Yesterday was my last class of grad school. The lovely Heather McHugh sent me off into the world with a smile, my mind abuzz with the possibilities of language. Each class session was a two hour walk in her mind, and what a mind it is! It was one of the few times where I feel I really learned through osmosis.
Anyways, we closed out the term with an ingenious event at the swanky Sorrento Hotel thought up by some young fellow at The Stranger. Rather than accepting the normal model of the public reading where literary genius is bestowed upon the audience by the author’s voice, a group gathers to read good works—silently, to themselves!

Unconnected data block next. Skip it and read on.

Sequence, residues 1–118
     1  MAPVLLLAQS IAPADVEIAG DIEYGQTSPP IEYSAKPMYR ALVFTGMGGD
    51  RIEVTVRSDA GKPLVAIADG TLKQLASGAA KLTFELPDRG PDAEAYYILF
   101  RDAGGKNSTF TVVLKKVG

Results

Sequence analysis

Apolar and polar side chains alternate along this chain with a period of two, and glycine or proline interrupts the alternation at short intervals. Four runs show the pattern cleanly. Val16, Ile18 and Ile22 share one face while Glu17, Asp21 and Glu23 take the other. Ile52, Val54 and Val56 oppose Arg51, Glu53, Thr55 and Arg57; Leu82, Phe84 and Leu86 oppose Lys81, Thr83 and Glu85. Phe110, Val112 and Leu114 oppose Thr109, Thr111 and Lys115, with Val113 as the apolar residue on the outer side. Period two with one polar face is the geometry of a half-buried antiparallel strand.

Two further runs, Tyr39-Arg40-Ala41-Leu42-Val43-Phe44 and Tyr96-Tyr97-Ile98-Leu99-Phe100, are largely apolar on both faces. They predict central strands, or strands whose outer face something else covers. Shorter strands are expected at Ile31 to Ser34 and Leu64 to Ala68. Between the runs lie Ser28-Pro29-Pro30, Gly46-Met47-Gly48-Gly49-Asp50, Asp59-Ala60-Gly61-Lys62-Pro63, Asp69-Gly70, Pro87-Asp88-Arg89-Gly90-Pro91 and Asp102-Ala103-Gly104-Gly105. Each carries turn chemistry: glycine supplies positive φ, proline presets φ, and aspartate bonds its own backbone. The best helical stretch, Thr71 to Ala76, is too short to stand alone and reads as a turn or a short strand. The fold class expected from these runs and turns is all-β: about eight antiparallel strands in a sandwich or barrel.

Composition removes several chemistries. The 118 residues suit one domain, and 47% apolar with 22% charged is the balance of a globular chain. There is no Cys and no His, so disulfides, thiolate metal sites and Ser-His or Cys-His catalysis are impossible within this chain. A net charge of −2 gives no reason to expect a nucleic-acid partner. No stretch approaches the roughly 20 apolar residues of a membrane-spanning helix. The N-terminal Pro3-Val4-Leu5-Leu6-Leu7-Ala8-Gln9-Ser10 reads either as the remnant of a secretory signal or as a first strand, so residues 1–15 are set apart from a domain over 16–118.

I spent some time with Louise Glück’s latest book, A Village Life, and Fady Joudah’s, The Earth in the Attic. I’ve read both before, but I liked the idea of connecting the grandness of the space with a lineage I care about (Glück selected Joudah’s book for the Yale prize, and Judah’s book has taught me a lot about ordering a ms.). Plus, I needed a break from Levis as I still have a bit to go on my thesis.
I indulged in good beverage and food, and most importantly, the good company of strangers and friends who had something to say to the world. Reading is important! Books are our friends! (or something like that). Sure, there was some chatter, but the general hush of the room felt special. There was a certain reverence in the room and, ensured by my proximity to Heather, a good and necessary peppering of irreverence, too.